What is Autism?
Autism, also known as Autism Spectrum Disorder (ASD), refers to a variety of conditions that involve social skills deficits, repetitive behaviors, and speech and gestures problems. More specifically, autism is a developmental disability that affects the way a person communicates with and relates to other people.
It is important to understand that autistic individuals typically experience developmental delays – i.e. motor development, speech, and/or coordination. More specifically, those with this disorder tend to be clumsier, more uncoordinated in movement, and more compulsive, than those without it.
What is a Spectrum Disorder?
A spectrum disorder refers to the level of functioning an individual has. In other words, if you have this disorder, you are either extremely high functioning, and able to care for yourself or will in-need of constant care for the rest of your life.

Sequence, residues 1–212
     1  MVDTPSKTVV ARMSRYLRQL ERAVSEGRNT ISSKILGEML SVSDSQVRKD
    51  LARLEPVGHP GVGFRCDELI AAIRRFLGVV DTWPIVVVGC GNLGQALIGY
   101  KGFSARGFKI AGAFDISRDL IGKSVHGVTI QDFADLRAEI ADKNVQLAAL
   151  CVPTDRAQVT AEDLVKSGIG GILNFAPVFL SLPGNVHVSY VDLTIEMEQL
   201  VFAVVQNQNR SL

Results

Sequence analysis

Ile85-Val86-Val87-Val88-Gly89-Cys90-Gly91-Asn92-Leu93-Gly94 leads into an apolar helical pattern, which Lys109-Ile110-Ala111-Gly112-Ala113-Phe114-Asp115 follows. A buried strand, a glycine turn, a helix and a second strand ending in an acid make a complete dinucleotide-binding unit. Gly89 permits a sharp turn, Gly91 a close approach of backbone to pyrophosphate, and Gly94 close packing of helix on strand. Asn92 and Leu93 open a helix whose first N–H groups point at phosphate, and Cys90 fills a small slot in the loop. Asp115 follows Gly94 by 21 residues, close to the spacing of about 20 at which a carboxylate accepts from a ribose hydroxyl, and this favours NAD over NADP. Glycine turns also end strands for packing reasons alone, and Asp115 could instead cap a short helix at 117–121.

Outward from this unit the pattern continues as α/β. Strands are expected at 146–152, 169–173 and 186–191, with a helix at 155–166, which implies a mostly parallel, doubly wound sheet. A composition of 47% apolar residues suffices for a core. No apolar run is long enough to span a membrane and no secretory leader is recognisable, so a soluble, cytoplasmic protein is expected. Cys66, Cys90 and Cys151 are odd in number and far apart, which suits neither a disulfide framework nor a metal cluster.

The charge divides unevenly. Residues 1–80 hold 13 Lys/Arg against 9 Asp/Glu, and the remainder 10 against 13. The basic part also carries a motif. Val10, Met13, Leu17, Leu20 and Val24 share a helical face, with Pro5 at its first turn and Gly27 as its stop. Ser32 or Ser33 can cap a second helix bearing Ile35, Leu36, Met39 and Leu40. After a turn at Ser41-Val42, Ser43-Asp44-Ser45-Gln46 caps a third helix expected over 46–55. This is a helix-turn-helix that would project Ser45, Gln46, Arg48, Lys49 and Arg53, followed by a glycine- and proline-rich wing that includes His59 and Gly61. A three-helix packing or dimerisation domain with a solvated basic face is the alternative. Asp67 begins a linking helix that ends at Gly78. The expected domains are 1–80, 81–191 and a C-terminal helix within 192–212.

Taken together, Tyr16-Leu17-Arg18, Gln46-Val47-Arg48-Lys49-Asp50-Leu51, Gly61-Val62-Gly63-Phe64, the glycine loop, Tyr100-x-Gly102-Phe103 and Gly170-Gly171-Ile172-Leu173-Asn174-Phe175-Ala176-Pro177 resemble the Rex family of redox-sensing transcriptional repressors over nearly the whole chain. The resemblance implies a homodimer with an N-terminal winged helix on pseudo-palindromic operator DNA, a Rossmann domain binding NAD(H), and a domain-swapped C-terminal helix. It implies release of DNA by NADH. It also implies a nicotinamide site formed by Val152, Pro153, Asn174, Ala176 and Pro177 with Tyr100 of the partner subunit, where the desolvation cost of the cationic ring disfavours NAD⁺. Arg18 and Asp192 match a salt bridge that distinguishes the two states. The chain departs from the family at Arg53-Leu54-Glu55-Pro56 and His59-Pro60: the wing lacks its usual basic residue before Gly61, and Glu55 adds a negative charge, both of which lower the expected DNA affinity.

When a high level of care is needed, parents often become overwhelmed. In this case, they are unable to fully care for their loved ones without aid. In the most severe cases, the autistic person may need direct supervision from a home health aide and a highly trained developmental pediatrician, pediatric neurologist, clinical child psychologist/psychiatrist, audiologist (hearing specialists), physical therapist, and/or speech therapist.
***It is important to note that because autism is a spectrum disorder, each individual has a unique set of strengths and weaknesses.
How Many Children Have an Autism Spectrum Disorder?
According to the Centers for Disease Control (CDC), approximately 1 in 59 children suffer from autism spectrum disorder (ASD). In addition, autism appears to be present in all racial, ethnic, and economic groups. Lastly, autism is 4x more common in males than in females.